Football exists in its own world, a strange world, one far removed from reality. The moral code is jumbled, the traditions are odd, and the expectations are unreasonable. This is a sport where Sam Allardyce is the 13th highest-paid manager in the world, after all.
Because of the money that is involved at the game's highest level, every footballer must behave as a paragon of righteousness, as money always equates to sensibility. They are role models, even if they do not want to be, and are entrusted with the fabric upon which our society is woven. Will somebody, somewhere, think of the children?
Liverpool and Luis Suarez have discovered this mindset more than most others over the past few years. There are some things that are obviously wrong, deplorable even, no matter whether it happens on a football pitch or not -- namely, the spat with Patrice Evra and nibbling on the forearm of Branislav Ivanovic. But there is also the peripheral nonsense, the things that really don’t matter, yet cause aneurysms throughout the land.
Suarez had not even touched the ground under Brad Guzan's challenge, and he was the villain once more. By the time Steven Gerrard dispatched the penalty, the Uruguayan was vilified for an apparent dive. He had committed a heinous crime, one of football's vilest. The shock! The horror! The humanity!
Of course, nobody can say for sure whether Suarez dived, but it did not stop everybody trying to offer a definitive answer anyway. Phone-ins were inundated by bile and rage, long-forgotten or long-winded pundits were wheeled out, and polls were conducted on national television. Text yes, no or don’t care to register your vote.
It simply doesn't matter. Even when Suarez clearly has gone to ground in the past, it doesn't matter. It matters in the rules of the game, granted -- it is unsporting whether it is Suarez, Ashley Young or Jurgen Klinsmann circa 1993. But away from this bizarre world, this multimillion-pound Narnia governed by madness, it does not matter.
In the same round of fixtures, Rafael could have injured Gary Cahill for a very long time with a reckless challenge; seconds earlier, Nemanja Vidic made little attempt to reach the ball and instead crunched Eden Hazard. At the Liberty Stadium on Sunday, Michael Dawson hauled down Wilfried Bony inside the box in a flagrant disregard of the rules. All three incidents are worse, and more controversial, than the penalty Suarez won; the fouls could have actually hurt somebody, while the third leaves no debate over whether it was a penalty or not.
This is not to blindly defend Suarez (if, indeed, he did dive) or excuse diving -- it is something that should be eradicated, without question. But while heads explode and replays are slowed down and sped up, other more serious indiscretions are ignored. But in this strange footballing reality, there is hardly anything more serious, especially in English football. We are a nation of toughness and machismo, of leather footballs and twirled moustaches; we revel in boot meeting bone, pitches like farmyards and lashings of brown sauce. We do not fall down, but keep upright; we do not moan when sent tumbling, but acknowledge the masculinity of it all.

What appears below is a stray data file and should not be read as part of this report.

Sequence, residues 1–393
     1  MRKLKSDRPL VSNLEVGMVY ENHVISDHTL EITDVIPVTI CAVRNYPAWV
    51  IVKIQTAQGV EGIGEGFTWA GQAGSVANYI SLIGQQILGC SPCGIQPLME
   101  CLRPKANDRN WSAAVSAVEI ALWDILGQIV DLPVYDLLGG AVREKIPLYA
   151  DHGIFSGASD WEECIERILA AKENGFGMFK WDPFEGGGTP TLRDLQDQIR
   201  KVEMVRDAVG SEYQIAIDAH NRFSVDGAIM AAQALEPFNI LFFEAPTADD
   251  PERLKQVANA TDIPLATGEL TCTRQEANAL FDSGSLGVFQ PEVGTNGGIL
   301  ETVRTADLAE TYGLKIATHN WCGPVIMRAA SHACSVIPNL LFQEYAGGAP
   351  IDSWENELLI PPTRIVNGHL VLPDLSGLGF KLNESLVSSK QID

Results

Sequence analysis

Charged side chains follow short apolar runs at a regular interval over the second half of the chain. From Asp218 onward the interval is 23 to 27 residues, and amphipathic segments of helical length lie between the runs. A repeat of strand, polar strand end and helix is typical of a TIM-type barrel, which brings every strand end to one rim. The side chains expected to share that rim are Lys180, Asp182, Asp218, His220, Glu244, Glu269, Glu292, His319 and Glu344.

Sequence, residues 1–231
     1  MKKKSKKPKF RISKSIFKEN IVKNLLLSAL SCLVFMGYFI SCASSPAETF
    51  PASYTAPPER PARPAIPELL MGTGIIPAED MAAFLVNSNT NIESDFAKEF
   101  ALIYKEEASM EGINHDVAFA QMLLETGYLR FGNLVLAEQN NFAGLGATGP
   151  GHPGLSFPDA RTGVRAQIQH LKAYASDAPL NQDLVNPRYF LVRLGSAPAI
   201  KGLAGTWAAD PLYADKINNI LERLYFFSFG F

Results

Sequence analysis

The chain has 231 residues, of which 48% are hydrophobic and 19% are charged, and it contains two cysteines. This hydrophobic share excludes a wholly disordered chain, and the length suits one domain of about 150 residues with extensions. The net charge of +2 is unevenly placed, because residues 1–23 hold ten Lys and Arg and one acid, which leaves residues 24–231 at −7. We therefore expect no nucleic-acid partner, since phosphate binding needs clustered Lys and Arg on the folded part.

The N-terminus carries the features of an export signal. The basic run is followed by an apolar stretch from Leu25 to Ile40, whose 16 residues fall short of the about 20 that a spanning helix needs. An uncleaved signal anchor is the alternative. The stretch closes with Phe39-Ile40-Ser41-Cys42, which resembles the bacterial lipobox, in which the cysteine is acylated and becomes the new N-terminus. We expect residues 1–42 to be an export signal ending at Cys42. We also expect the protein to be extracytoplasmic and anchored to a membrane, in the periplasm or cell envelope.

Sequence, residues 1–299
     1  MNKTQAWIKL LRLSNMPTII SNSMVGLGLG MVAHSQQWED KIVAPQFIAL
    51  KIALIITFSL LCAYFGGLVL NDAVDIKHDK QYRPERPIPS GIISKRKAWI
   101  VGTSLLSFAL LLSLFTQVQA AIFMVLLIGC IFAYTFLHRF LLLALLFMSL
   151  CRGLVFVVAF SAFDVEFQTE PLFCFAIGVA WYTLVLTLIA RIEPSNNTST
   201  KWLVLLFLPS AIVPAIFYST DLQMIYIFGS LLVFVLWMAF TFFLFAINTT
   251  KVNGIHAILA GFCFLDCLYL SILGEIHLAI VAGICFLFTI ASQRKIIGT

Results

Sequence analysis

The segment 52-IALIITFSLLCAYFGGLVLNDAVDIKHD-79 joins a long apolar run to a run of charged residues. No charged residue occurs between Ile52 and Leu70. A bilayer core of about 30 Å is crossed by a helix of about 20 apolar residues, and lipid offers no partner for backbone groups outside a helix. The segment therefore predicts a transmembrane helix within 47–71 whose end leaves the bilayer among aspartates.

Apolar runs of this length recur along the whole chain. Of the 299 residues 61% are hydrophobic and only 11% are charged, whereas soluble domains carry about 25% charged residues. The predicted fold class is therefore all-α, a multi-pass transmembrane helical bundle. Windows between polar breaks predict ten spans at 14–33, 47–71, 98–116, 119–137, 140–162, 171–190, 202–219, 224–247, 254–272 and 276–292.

The incident on Saturday served both Liverpool and Suarez with a reminder and a cautionary tale. For while Suarez has been one of the world’s best players this season, and undoubtedly the best in the Premier League, he is somebody who divides opinion. And while the deifying of the striker has been inevitable with the performances he has offered, he is one stumble and one loss of equilibrium away from being a stain on society.
What Liverpool, and Suarez, must remember is that this does not matter. What matters is the injury to Lucas Leiva, who still awaits news of how much time he will miss with the knee injury sustained against Aston Villa. What matters is how Brendan Rodgers will juggle his options in midfield and attack and offer a balanced side in both the FA Cup tie against Bournemouth and, most importantly, the Merseyside derby. Suarez will start the derby barring injury, but who joins him is something to keep the manager up at night.
A brief detour from the collective gushing about Suarez should not, and cannot, derail Liverpool's bid for Champions League qualification. Suarez is essential to that, and happiness is essential to Suarez.
The root of his serene nature this season is the enjoyment he has playing with good players and not spending 90 minutes being kicked, because there are periods when nobody can get near him. That is not to say he is affected by such tactics, but any player of his quality would prefer his ankles not to be kicked at every turn. He is enjoying himself more than ever before at Anfield, and it tells; even though he was probably at his poorest against Villa, he still looked to galvanise his team with slaloming runs and remarkable vision with the ball at his feet.
The change in demeanour this season is tangible. Opposition defenders do not hate him as a person, but only for how sore he will make them feel afterward; opposition fans are now quieter when he gets on the ball and mainly stop their Neanderthal cries, for they know they will be made to suffer later on. Even by the media, on crusty sofas with curdled coffee in front of them, his talent has not been accompanied with reminders of the past.
That moment against Villa -- whether it was a dive, trip or fall -- was a reminder of the past and the debate he can prompt, but this part of a past really should not matter. Liverpool and Rodgers must make sure it ultimately doesn’t matter in this ridiculous world of football.